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 Personal Stories  



 

I want that moment – for myself, for my family

Liam, Oakland

This movement has never been about the freedom to marry for myself; I can marry the woman I love someday. I am, however, part of the queer community—my Mom and her partner Nellie have been my model for a healthy, committed relationship for 25 of my 26 years on this planet.

 
Liam at Long Beach Pride 2007

My Mom is from Oakland originally, but I grew up in British Columbia, and got involved with the movement for the freedom to marry in Seattle in 2004. I couldn’t stand the way the conversation was being played out in the media and by people around me, particularly in the way it related to families like mine. I heard people who were reluctant to support marriage for my parents, allude to me as damaged goods. Everywhere, I saw families like mine discussed as a hypothetical moral issue, not as real people who deserve respect and support.

 
Liam with sister, Jill, and brother, Dan

When I had the chance to attend my first marriage ceremonies for gay and lesbian couples, I was surprised about how deeply sad I felt. At those ceremonies I realized in a very profound way that my family never got that opportunity - the opportunity to have that very special day. One of my straight friends told me that the most striking thing about her wedding was walking in the door and seeing her family, friends and larger community. She reminisced with me saying that she remembers how amazing it felt, thinking “they’re all here for me; for us”! My family never got that opportunity for recognition when I was growing up, from our friends and neighbors, or from our government. I missed that “they’re all here for us” moment.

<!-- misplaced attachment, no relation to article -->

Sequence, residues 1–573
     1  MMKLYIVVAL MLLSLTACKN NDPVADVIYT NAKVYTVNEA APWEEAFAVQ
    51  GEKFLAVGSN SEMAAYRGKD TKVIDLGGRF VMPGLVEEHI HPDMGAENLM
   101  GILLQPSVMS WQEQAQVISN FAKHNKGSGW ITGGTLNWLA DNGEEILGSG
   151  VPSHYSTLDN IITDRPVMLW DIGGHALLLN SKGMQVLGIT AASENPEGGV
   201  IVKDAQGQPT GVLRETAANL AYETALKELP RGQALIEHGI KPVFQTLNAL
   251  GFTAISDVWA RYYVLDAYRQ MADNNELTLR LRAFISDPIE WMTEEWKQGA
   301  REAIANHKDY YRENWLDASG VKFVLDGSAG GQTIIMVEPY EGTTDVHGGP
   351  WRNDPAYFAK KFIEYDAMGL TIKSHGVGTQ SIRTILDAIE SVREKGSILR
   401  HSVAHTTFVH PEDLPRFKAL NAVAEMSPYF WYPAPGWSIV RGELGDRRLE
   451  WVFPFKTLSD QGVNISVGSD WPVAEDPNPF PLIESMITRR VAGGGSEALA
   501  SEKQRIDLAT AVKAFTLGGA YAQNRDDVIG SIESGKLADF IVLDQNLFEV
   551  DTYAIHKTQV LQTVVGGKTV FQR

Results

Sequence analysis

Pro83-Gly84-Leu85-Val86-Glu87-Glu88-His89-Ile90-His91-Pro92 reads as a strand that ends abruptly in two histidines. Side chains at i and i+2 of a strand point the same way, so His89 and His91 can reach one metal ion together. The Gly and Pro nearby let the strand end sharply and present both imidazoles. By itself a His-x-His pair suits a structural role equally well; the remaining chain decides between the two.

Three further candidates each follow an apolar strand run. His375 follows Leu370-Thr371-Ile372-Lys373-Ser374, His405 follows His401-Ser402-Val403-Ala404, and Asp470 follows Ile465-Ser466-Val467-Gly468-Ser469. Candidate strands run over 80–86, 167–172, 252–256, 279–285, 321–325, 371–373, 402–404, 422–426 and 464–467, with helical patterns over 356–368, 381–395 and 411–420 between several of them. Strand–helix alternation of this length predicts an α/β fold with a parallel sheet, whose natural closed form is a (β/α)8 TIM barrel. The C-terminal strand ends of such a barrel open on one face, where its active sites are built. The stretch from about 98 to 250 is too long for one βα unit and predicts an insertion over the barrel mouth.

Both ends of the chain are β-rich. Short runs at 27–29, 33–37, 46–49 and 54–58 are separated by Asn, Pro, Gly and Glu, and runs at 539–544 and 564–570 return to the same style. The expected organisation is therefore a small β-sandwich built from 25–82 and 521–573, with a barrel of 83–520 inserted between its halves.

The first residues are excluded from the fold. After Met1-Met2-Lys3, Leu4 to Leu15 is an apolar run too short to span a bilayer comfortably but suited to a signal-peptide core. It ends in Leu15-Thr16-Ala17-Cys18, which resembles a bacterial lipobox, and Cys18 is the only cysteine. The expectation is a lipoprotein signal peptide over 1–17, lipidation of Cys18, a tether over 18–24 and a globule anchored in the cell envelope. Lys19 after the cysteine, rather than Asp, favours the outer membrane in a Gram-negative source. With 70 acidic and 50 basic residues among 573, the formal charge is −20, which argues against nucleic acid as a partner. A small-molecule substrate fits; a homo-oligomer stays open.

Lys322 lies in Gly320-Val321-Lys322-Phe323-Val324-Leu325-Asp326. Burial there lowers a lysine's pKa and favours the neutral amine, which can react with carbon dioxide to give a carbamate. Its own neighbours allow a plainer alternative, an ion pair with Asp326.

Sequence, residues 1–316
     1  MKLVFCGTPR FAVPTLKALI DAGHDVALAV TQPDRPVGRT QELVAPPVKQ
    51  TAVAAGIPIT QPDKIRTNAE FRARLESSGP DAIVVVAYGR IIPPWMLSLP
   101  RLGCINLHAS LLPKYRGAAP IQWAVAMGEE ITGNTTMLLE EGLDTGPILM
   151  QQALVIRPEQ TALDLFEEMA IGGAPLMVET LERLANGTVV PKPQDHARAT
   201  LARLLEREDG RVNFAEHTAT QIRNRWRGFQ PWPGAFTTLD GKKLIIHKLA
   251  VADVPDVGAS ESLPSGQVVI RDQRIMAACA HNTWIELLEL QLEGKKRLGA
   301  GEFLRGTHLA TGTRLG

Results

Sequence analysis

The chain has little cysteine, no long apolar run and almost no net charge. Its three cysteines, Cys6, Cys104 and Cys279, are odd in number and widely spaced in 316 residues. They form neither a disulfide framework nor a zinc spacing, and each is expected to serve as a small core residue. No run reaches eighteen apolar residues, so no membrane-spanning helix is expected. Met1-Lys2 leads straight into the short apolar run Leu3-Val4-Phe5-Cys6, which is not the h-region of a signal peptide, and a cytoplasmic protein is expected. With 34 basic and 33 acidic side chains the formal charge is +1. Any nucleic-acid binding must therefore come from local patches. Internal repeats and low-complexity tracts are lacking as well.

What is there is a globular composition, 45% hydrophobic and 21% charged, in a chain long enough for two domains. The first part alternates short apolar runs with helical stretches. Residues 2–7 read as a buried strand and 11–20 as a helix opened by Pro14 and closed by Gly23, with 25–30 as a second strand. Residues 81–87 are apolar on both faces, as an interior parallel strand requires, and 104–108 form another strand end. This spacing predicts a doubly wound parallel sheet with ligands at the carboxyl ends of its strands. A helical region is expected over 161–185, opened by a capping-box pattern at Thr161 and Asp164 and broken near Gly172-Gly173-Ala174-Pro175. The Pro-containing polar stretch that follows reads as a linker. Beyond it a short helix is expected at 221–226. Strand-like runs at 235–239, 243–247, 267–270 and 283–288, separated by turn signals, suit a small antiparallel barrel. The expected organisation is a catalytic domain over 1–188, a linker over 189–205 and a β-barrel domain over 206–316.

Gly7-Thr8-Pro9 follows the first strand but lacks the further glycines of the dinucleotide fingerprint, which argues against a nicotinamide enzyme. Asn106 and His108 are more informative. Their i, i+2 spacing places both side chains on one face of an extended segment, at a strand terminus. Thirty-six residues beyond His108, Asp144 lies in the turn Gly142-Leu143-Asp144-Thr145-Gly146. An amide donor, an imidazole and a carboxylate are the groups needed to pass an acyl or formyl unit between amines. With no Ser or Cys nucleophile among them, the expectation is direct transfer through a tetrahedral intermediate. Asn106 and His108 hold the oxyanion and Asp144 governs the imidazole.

Liam and his brother, Dan

My mom and family protected me a lot; but there were some very specific material things that it didn’t protect me from. Our family was still a legal fiction, and I endured heavy verbal and physical abuse from my peers through most of my childhood. Nobody can go back in time to correct that. For me it would be like an acknowledgment by our larger community that they had failed us. But moving forward, I know we can do better.

As an adult, I carved out a niche for myself in the LGBT community. I fought for the freedom to marry for my LGBT friends, and the hopes and dreams of my friends in bi-national couplings. I reconciled some of my cynicism about the organized labor movement, passed down to me through Nellie due to her experiences of discrimination as an out lesbian, as I struggled alongside people who saw the freedom to marry as a labor priority. Working with COLAGE (Children of Lesbians and Gays Everywhere), my mind was opened to the necessity of fighting for fair treatment for all LGBT families, including households headed by a single LGBT parent.

  Liam and his cousins

Moving to Los Angeles to work for Vote For Equality, I was presented with new challenges and opportunities. I was challenged to be accountable for my own privileges, how they inform my priorities, and how to do work that would repair barriers of trust and good will in lower-income communities and communities of color.

In October I moved to Oakland—where my mom grew up, and it feels like coming home for the first time. It’s been quite a journey so far, but my basic orientation to the struggle remains the same: We have a chance to really push the tipping point, charge proactively against homophobia, and change the things we simply cannot accept. There’s just no reason to wait to get involved. I can’t wait for that moment!

Date Created: 2/1/2008
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